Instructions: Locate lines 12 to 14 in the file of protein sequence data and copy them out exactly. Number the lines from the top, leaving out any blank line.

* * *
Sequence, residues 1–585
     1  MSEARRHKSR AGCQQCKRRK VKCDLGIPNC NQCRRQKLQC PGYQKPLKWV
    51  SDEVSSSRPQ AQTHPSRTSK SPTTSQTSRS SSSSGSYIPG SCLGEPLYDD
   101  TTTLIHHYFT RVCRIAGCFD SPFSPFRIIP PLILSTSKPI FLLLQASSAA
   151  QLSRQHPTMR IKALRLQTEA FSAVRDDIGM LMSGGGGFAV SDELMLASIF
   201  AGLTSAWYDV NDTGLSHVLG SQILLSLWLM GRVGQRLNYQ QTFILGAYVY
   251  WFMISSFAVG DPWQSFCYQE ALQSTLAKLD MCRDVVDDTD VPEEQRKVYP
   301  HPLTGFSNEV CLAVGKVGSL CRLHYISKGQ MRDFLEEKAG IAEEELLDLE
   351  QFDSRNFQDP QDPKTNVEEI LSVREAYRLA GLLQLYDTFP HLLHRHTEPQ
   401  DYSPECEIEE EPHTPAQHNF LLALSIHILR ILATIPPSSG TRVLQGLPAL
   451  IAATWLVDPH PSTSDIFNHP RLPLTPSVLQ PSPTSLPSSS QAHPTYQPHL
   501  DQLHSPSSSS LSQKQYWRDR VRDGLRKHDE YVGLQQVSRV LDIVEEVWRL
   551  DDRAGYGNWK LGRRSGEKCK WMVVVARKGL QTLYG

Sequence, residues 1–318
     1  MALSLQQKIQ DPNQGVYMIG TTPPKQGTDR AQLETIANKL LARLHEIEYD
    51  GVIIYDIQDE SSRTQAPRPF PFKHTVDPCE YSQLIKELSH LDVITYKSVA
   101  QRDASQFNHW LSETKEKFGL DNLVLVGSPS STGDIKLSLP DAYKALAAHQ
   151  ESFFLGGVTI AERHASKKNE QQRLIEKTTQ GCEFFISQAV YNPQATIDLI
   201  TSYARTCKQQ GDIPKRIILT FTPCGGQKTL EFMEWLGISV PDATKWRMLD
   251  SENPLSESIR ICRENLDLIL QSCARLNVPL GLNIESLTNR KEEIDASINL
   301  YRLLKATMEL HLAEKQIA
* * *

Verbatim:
   501  DQLHSPSSSS LSQKQYWRDR VRDGLRKHDE YVGLQQVSRV LDIVEEVWRL
   551  DDRAGYGNWK LGRRSGEKCK WMVVVARKGL QTLYG

Sequence, residues 1–318